- Specific wheel size question.
26″ wheels are best for DH but not because of the wheel size – its because of the suspension travel. You physically struggle to get much more than 140/150mm suspension travel with a 29er, and if you’re serious about DH, especially knarly rock gardens then suspension travel is what you need and these guys are running around 200 mm of suspension travel.
So large wheels do roll over bumps better – it reduces the angle of incidence, but when it gets proper knarly it is suspension travel you want.Posted 4 years agoBlackflagMember
So therefore if my wheels never really leave the ground and I spend all my time riding in the peaks or lakes then a 29er might me the best option for me? I’m 5’11 btw.
This would be faster uphill and possibly faster downhill as i’m just not that rad to jump over stuff, but rather roll it.Posted 4 years agoroverpigSubscriber
We have a fair bit of rocky tech up here in Aberdeenshire. Not that I’m any good at it. I still walk down stuff that I’m sure many folk on here would take in their stride. But I’ve given this question a fair bit of thought. I’ve tried various 26″ and 29er options out and the basic conclusion is that wheel size is only one part of the equation and not actually that important a part. Some, some bikes are better suited to rocky tech stuff than others and some of those have larger wheels, but others don’t. It also depends a lot on your riding style too of course.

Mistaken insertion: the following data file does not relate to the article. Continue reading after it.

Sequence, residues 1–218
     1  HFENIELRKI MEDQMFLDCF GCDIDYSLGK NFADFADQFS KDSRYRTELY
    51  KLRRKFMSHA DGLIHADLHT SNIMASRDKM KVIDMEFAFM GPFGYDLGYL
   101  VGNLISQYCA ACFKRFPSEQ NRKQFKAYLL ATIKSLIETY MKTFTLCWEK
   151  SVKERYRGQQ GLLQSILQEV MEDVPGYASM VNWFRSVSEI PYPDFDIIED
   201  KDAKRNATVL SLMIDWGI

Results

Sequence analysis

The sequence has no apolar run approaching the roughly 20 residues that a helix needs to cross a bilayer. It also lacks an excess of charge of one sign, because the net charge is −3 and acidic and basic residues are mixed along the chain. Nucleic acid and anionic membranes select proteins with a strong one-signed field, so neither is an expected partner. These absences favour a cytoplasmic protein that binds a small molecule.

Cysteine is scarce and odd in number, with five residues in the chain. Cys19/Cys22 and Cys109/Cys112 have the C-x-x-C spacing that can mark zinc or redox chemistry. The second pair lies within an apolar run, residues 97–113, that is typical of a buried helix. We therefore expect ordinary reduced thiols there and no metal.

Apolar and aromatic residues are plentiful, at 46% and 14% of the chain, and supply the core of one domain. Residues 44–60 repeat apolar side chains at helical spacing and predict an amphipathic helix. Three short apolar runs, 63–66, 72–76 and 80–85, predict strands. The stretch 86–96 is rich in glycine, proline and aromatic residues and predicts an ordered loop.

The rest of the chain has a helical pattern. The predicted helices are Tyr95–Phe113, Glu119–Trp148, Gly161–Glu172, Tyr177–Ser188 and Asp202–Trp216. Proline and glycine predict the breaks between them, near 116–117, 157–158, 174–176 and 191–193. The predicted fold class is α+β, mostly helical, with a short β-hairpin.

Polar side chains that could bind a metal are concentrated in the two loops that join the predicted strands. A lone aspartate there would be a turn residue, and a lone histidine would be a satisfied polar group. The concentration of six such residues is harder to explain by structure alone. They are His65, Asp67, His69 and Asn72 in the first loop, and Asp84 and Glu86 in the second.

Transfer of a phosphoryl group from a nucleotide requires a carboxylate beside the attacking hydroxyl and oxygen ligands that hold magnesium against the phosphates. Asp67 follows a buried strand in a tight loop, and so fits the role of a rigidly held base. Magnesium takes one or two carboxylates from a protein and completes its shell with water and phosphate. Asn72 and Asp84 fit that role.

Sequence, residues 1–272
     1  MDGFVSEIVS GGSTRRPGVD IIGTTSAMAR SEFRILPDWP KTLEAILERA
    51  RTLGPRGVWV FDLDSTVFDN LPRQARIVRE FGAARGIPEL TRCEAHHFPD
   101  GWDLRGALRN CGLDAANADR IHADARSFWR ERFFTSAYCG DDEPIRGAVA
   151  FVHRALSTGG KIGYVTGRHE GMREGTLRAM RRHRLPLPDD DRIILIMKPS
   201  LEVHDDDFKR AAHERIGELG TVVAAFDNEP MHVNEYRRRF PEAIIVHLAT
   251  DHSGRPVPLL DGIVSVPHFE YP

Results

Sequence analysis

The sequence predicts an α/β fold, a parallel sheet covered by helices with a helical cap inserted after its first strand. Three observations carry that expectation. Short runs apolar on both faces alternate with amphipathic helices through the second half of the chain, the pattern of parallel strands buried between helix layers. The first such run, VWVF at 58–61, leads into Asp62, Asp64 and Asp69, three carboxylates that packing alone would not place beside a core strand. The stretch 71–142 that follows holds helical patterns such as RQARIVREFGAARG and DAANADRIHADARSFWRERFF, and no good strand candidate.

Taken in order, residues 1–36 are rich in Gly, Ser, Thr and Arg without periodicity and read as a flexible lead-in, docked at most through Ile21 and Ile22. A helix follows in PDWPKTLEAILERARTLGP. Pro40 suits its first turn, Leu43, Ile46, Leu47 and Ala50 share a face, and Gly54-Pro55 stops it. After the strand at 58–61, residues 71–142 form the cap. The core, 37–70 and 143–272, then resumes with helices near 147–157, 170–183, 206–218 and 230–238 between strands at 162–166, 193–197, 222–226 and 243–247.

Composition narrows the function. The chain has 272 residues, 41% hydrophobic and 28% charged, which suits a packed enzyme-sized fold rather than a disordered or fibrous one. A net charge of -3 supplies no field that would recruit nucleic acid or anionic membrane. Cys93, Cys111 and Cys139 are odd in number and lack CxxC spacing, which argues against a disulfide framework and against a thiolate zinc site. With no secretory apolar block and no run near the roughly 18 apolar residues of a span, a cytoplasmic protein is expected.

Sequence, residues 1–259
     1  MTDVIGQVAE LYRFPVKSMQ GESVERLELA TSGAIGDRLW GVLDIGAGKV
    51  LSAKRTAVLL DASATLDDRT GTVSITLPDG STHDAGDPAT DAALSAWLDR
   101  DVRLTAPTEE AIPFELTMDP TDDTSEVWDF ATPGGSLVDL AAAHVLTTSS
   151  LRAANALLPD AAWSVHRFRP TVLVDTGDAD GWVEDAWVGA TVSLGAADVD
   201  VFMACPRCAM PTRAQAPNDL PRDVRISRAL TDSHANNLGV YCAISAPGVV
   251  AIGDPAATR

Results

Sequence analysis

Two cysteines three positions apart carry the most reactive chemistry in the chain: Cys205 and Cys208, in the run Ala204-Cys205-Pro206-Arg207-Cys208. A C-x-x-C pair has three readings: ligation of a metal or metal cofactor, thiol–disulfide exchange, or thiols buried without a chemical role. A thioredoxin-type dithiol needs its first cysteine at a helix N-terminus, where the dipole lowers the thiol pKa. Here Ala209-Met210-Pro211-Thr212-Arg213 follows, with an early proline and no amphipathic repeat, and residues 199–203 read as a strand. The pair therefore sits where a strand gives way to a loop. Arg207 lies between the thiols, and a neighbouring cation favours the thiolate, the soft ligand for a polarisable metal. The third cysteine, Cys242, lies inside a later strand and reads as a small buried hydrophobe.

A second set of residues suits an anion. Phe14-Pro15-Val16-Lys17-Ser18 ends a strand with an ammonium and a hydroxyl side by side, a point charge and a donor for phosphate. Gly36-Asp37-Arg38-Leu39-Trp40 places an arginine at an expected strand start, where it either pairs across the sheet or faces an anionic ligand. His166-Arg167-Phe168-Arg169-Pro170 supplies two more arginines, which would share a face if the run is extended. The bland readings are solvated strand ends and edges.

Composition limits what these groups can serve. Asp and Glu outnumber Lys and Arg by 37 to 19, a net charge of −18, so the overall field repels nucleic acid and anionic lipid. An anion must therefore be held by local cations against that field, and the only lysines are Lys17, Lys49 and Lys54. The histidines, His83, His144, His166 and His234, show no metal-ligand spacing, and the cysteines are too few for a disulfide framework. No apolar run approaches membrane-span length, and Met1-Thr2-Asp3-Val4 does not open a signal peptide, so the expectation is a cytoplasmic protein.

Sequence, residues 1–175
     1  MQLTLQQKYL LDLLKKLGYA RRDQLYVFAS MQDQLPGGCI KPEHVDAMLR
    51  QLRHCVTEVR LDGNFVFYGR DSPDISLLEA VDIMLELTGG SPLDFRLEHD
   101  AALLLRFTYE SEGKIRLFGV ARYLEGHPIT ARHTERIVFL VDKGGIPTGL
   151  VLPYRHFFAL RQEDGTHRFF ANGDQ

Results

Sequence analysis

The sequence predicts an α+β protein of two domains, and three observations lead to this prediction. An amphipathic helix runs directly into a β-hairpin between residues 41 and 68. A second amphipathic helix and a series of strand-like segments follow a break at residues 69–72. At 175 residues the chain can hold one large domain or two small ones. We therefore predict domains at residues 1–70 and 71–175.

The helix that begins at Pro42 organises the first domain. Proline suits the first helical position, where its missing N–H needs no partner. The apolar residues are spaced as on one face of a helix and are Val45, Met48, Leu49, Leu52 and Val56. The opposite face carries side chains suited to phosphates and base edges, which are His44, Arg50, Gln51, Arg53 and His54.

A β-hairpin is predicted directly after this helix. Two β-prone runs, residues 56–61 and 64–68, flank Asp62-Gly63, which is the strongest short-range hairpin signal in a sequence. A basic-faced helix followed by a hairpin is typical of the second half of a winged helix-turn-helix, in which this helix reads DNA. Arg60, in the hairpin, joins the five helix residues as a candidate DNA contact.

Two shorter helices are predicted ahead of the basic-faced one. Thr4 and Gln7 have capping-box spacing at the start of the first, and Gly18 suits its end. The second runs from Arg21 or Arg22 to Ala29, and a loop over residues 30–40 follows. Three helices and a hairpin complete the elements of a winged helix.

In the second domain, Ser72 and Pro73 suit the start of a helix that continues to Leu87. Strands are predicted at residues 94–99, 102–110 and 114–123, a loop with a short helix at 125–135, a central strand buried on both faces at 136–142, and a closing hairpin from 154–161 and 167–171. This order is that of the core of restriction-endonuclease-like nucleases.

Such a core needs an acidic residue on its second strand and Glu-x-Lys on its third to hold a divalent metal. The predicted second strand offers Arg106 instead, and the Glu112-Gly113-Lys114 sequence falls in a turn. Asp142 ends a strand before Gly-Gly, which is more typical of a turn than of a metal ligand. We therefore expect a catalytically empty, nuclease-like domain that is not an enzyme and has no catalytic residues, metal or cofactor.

I’ve ended up with the venerable old 26″ Five as I find that gives me more confidence on rocky sections than anything else I’ve ridden. But a different rider with a different style may come to a different conclusion.
I also have a 29er HT (FF29), which is great for munching the miles. I don’t find it anywhere near as good as the Five on steep rocky stuff, but that’s hardly a fair comparison.
A few things that I’ve observed:
1. Having a big wheel out in front of you can be quite reassuring and it does roll over stuff well. However, a slacker head angle and extra suspension travel have a similar effect in terms of rolling over rocks. So, if your 29er has 20mm less travel and a 2 degree steeper head angle it may not actually roll over bigger rocks any better.
2. Once you reach the point where you can’t just roll over the rock then the smaller wheel is easier to move around. The same is true with steps. If you need to shoot the front wheel out a bit to stop it digging in then that seems easier with the smaller wheel.
But, as I say, it’s not really the wheel that is the deciding factor, it’s the bike as a whole.Posted 4 years ago
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